Kathleen Conlee, HSUS
June 7, 2017
When you think of cosmetics testing on animals, you may think of big hair and the 1980s but, unfortunately, this practice isn’t a thing of the past. Every day, terrified rabbits, mice, rats and guinea pigs suffer and die to test cosmetic products like shampoo, lipstick, and cologne. Chemical substances are forced down their throats, dripped into their eyes or smeared onto their skin. These test methods cause immense suffering before the animals are killed at the end of the tests.
Luckily, the U.S. is one step closer to saying “no” to cruel cosmetics with the reintroduction of the Humane Cosmetics Act in Congress.
This legislation, introduced with bipartisan support by Reps. Martha McSally, R-Ariz.; Don Beyer, D-Va.; Ed Royce, R-Calif.; Tony Cárdenas, D-Calif.; Frank LoBiondo, R-N.J.; and Paul Tonko, D-N.Y., would prohibit the use of animals to test cosmetic products and ingredients. It also phases out the sale of cosmetics that have been tested on animals in other countries.
The methods used to test cosmetics on animals are not only incredibly cruel, but they also have significant scientific limitations. Different species often respond differently when exposed to the same substances. A good example of this phenomenon is chocolate, a sweet treat for humans that is highly toxic to dogs. These dissimilarities mean that results from animal tests may under or overestimate real-world hazards to people.
Fortunately, there are thousands of ingredients already proven safe for use in cosmetics that can be used to formulate new and innovative products. For new cosmetic ingredients that don’t have a safety history yet, there are many non-animal methods like human cell-based tests and sophisticated computer models that provide human-relevant results often at a considerable savings of time and money for companies.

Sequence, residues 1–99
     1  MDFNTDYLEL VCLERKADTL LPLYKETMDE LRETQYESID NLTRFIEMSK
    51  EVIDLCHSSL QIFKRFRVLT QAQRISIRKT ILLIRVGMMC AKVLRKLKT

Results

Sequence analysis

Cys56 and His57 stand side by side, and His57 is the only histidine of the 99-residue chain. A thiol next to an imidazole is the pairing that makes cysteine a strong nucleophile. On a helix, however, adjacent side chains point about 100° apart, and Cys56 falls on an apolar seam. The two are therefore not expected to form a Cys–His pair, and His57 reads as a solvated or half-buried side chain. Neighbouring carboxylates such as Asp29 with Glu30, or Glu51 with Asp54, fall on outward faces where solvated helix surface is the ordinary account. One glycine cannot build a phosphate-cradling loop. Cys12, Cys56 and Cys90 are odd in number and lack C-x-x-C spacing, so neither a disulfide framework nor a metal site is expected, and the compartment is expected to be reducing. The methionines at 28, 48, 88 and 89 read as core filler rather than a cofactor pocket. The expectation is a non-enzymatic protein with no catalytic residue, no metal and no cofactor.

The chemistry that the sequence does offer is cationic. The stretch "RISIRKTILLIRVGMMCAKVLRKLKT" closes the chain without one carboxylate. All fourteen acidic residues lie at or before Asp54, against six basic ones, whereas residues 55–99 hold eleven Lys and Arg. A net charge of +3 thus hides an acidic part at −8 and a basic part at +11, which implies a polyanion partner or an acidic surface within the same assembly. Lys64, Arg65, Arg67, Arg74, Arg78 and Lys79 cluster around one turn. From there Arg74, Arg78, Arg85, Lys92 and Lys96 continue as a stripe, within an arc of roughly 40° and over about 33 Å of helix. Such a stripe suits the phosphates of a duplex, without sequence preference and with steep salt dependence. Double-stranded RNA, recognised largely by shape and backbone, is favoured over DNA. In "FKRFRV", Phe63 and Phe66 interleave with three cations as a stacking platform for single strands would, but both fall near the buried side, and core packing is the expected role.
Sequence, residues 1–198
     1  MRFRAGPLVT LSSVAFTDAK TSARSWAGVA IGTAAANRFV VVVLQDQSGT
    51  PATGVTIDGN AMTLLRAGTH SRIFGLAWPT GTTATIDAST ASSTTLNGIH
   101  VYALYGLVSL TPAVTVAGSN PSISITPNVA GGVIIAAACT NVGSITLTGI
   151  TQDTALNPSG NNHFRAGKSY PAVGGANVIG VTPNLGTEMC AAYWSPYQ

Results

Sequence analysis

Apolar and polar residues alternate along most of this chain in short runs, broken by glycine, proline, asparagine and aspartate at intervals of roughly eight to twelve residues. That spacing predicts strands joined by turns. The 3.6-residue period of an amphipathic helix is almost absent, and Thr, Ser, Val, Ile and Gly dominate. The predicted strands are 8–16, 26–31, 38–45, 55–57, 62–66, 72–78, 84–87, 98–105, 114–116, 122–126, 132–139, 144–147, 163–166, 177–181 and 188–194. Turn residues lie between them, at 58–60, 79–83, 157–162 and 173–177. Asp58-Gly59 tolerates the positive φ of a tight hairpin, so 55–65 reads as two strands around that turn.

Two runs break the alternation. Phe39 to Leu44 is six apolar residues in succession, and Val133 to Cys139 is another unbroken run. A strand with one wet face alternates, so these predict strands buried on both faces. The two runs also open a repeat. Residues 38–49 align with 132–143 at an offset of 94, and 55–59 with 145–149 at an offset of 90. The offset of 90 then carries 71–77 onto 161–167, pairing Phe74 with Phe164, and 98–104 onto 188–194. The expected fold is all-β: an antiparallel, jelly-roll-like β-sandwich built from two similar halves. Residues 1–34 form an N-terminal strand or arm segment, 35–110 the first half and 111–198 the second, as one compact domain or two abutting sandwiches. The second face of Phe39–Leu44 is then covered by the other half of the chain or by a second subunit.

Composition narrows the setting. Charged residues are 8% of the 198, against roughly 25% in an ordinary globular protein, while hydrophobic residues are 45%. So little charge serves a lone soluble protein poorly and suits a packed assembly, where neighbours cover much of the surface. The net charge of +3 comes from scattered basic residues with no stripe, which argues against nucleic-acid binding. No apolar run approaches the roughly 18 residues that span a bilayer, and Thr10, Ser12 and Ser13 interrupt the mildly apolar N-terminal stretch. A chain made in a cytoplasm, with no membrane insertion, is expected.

No animal should have to suffer and die for the sake of a new shampoo or lipstick. That is why The Humane Society of the United States and the Humane Society Legislative Fund are working in the U.S. and Humane Society International and others are working internationally to end animal testing for cosmetics as part of our global #BeCrueltyFree campaign.
In 2013, the European Union finalized a ban on animal testing for cosmetics by also banning the sale of cosmetics tested on animals, creating the world’s largest cruelty-free cosmetics marketplace. Similar measures have also been enacted in India, Israel, Norway, and Switzerland. More than 1.8 billion people can now only buy cosmetics that will never be tested on animals again. American cosmetic companies must already comply with these laws in order to sell their products internationally. Guatemala, New Zealand, South Korea, Taiwan, Turkey and four states in Brazil have also passed laws to end or limit cosmetic animal testing.
There is overwhelming public support for ending cosmetic animal testing. A 2013 public opinion poll conducted by Lake Research Partners found that 73 percent of American voters would favor Congress enacting legislation that would begin to phase out and eventually end new animal testing for cosmetic products and ingredients. The Humane Cosmetics Act has also been endorsed by 195 stakeholders in the cosmetic industry including COTY, H&M, LUSH, Paul Mitchell and The Body Shop. We call on all cosmetic companies to join our #BeCrueltyFree campaign and drive cosmetic animal testing out of the marketplace.
The time has come for the U.S. to join the global movement away from cosmetic animal testing. Please join us in urging your legislators to support the Humane Cosmetics Act.
Together, we can make cosmetic cruelty a relic of the past.